Food & Drink

Faidley Seafood’s move to Baltimore’s renovated Lexington Market delayed

Nancy Devine, left, of Faidley’s Seafood in Lexington Market, makes a batch of her world-famous jumbo lump crab cakes as her daughter Damye Hahn looks on. Faidley's is the only business operating in the old Lexington Market structure; plans to relocate to the new Market buildings in January have been pushed back.

Faidley Seafood’s move from Lexington Market’s old east building, where it’s now the last vendor standing, to the newly constructed south building of the renovated market will take several months longer than expected.

The venerable seafood vendor, once scheduled to move into the newly finished downtown Baltimore market building by January, will delay its relocation until late spring, according to co-owner Damye Hahn and the market’s developer, Seawall.


Faidley’s is “a full-sized restaurant within the market, and it’s complicated,” said Jon Constable, director of development for Baltimore-based Seawall. “We wanted to make sure we’re measuring twice and cutting once.”

Constable said Seawall recently marked a “huge milestone” in Faidley’s relocation by submitting plans to Baltimore City to obtain a permit for the stall’s construction. In the new building, Faidley Seafood will be one of Lexington Market’s largest vendors, taking up the footprint of about five market stalls.


The seafood business will have a similar configuration as in the old market, with the same tall wooden tables — where customers eat lunch standing up — and many of the same signs, photographs, newspaper clippings and other memorabilia that are on display in the existing Faidley’s space. The items document Faidley’s 136 years of history, going back to its 1886 opening in the original Lexington Market Building, which burned down in 1949, displacing Faidley’s until the East Market building opened in 1952.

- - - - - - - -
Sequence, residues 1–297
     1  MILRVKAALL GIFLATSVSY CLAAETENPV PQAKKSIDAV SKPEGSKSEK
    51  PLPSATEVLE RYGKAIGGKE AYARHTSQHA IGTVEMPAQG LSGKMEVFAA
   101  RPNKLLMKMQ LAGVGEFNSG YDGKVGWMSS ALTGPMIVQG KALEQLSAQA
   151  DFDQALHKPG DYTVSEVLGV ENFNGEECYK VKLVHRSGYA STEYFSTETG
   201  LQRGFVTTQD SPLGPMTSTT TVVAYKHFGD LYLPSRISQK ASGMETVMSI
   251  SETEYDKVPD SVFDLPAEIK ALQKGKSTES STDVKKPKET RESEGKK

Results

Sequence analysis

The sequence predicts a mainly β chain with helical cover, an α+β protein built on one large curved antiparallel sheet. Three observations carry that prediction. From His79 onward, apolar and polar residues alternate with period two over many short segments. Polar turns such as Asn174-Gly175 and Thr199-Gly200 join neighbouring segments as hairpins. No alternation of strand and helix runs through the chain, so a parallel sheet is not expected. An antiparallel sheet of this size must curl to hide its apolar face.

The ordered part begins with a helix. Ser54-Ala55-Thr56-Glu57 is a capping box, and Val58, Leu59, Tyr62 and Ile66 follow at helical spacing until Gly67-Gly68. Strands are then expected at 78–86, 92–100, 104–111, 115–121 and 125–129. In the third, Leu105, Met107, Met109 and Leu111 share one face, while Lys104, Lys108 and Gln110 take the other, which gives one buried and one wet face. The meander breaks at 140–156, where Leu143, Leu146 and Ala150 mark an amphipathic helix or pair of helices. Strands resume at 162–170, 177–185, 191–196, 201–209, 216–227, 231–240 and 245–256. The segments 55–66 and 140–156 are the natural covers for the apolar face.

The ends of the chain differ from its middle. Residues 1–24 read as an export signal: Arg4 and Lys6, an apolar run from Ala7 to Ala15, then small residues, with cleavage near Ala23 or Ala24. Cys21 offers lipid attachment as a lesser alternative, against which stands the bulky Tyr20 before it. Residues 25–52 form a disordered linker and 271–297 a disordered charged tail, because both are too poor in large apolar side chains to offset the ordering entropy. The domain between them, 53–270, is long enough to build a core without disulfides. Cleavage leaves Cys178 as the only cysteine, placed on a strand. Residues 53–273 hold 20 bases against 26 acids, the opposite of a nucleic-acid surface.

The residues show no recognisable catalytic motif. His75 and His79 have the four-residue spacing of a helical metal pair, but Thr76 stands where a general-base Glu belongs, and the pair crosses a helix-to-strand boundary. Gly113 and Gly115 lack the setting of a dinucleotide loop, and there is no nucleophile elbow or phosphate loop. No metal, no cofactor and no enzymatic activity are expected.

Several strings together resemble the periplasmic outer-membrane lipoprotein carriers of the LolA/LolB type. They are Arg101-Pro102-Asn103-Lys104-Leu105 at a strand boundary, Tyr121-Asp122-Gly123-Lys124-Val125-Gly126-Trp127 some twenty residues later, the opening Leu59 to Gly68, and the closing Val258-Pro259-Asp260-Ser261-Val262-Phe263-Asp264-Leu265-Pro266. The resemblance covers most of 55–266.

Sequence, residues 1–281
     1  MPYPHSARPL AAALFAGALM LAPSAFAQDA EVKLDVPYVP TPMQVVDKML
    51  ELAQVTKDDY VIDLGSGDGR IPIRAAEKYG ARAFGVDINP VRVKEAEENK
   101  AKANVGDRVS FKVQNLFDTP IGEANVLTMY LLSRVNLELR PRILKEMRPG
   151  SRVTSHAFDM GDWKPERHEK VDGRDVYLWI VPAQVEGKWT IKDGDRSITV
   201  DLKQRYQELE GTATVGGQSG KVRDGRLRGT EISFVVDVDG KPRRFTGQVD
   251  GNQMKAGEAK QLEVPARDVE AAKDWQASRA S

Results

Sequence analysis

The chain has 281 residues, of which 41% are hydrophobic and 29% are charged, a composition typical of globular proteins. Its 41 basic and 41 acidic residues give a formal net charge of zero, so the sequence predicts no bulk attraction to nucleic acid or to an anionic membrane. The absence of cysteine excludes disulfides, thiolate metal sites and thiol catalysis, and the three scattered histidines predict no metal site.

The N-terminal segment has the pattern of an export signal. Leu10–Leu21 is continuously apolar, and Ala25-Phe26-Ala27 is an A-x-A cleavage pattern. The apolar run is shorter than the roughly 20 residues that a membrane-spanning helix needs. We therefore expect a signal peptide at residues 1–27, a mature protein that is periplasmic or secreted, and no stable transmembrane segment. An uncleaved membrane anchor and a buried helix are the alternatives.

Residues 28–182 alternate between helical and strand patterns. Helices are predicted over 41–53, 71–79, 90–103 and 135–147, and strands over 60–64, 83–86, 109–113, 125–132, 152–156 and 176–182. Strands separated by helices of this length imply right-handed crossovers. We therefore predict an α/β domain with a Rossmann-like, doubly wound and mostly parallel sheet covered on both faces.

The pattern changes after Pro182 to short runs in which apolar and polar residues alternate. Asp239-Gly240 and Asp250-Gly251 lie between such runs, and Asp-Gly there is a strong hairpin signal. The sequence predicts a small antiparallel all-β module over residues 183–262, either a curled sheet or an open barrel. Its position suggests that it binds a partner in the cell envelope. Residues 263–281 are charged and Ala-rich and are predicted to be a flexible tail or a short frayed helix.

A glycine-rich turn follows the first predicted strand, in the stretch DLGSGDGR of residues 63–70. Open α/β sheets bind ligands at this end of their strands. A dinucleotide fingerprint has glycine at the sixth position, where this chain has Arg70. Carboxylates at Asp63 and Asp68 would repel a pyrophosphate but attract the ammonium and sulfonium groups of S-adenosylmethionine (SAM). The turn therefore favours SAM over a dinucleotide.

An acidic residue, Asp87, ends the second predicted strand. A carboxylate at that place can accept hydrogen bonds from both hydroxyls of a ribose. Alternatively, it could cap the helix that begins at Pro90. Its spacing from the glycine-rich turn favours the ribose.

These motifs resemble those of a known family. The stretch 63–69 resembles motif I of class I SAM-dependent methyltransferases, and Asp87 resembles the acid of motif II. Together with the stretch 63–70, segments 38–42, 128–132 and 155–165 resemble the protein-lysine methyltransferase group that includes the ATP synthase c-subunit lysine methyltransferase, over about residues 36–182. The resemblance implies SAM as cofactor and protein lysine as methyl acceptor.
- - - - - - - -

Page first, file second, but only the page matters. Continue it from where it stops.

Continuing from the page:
“I want to make sure that when people walk in, there’s something recognizable,” Hahn said.

There will be some new touches, too, including a patio for outdoor dining and a second-floor mezzanine perched above the seafood stall for storage.

The East Market’s other stalls closed Sept. 3 after a celebration honoring the building’s 70 years in operation. The new South Market building opened next door Oct. 24, capping a yearslong, $45 million revitalization project.

Hahn said Faidley’s will continue to serve its famous jumbo lump crab cakes, as well as fresh fish and shellfish, until the new space is ready. Right now, Hahn and her staff are working long hours to pack up an estimated 12,000 fresh crab cakes to ship around the country in time for the holidays.

“We’ll stay open here until the day we open next door,” she said.